I’d like to inveigh a little (Does it seem like that’s all I do?) against those scholars who disparage a simple emotional, even spiritual interest in the stones on which Jesus may have walked or a clay lamp like one he may have used to light his way.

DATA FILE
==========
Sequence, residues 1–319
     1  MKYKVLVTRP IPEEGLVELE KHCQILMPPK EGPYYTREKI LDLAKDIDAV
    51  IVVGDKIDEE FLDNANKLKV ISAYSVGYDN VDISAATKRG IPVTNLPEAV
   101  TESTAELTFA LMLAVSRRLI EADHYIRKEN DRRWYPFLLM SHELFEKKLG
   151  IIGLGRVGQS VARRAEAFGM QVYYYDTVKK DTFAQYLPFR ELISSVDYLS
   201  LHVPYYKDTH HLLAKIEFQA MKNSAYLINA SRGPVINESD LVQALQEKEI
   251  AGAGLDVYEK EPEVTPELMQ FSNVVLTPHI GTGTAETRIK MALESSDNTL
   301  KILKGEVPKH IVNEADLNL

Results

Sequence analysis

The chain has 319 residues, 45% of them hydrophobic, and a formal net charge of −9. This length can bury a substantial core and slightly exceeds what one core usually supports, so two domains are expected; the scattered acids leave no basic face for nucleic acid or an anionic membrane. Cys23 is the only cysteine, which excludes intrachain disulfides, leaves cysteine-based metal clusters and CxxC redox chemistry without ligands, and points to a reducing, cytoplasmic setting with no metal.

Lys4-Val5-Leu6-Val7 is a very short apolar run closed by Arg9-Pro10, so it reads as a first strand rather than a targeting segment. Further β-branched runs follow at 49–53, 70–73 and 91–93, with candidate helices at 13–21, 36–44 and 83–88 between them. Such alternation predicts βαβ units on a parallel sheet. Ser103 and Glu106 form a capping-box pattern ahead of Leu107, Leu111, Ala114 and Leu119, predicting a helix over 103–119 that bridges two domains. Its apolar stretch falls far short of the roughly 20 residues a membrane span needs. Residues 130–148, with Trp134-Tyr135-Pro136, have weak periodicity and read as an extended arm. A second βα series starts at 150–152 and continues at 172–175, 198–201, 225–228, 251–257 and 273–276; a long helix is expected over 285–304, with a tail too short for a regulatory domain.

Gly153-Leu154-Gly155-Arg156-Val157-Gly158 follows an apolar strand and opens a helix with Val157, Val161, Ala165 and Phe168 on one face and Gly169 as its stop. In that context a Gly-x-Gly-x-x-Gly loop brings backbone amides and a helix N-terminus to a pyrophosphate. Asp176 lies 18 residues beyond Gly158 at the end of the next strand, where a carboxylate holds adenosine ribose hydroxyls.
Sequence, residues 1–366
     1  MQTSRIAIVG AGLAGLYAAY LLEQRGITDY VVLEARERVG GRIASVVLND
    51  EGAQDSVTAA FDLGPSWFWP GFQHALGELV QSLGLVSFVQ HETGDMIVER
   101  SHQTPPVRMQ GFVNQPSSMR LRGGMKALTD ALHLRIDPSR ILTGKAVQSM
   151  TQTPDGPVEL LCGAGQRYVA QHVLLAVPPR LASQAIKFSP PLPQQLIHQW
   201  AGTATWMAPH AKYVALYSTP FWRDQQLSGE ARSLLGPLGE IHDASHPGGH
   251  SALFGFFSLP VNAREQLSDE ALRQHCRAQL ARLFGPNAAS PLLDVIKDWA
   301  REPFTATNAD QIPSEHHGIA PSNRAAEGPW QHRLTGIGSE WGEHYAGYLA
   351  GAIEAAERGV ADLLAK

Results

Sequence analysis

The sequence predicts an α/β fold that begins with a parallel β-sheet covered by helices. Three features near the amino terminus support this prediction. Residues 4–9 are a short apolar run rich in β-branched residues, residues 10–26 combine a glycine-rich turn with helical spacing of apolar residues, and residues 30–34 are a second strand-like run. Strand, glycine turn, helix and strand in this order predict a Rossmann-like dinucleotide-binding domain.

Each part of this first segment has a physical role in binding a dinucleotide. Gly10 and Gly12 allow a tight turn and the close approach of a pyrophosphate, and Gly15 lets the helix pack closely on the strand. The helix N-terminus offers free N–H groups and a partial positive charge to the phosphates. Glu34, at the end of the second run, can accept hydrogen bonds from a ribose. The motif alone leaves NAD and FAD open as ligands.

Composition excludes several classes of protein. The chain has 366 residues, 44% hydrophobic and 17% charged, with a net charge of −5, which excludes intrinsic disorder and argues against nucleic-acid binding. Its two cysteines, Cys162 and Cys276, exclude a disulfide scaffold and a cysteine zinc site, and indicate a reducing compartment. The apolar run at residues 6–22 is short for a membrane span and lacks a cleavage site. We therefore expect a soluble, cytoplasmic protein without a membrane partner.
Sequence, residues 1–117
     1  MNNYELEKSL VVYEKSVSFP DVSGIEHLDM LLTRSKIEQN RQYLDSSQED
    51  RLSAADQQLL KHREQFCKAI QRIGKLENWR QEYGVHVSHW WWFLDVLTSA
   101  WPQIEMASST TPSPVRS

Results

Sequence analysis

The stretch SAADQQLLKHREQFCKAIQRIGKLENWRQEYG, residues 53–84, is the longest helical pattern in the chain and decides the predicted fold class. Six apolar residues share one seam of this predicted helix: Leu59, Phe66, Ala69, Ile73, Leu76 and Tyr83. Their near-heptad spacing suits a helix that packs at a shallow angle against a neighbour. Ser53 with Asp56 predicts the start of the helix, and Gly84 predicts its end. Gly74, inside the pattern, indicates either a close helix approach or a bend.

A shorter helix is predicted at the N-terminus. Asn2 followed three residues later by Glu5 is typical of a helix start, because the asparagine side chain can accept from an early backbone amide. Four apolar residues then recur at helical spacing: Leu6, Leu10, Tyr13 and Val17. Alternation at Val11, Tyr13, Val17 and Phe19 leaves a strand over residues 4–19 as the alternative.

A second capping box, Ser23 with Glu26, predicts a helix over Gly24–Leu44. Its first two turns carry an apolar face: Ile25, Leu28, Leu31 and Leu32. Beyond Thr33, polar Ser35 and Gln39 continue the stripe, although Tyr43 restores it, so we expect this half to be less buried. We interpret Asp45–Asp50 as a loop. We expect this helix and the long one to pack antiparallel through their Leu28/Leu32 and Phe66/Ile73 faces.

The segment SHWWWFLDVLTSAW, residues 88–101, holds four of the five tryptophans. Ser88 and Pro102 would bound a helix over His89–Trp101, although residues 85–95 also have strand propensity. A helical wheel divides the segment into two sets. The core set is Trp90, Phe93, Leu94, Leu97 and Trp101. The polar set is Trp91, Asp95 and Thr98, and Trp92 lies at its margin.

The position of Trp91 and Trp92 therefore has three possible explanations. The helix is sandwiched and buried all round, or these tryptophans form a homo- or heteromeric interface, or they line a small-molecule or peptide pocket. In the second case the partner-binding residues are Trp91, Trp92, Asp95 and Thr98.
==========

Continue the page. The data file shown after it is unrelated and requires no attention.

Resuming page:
When I was in Jerusalem not long ago, Sy Gitin, the director of the “American School” (the W.F. Albright School of Archaeological Research) invited me to address the fellows of the school and the local archaeological community. During the discussion we talked briefly about the bone box, or ossuary, that, if authentic rather than a modern forgery (as has been charged), might have held the bones of Jesus’ brother James. The same charge of forgery has been leveled at the inscribed ivory pomegranate that, again if authentic, might have come from Solomon’s Temple. In the discussion of whether or not these artifacts were forgeries, Professor Ann E. Killebrew, a distinguished archaeologist who lived in Israel for many years and now teaches at Pennsylvania State University, observed that it really didn’t matter much because, even if they are authentic, they are mere “curiosities.”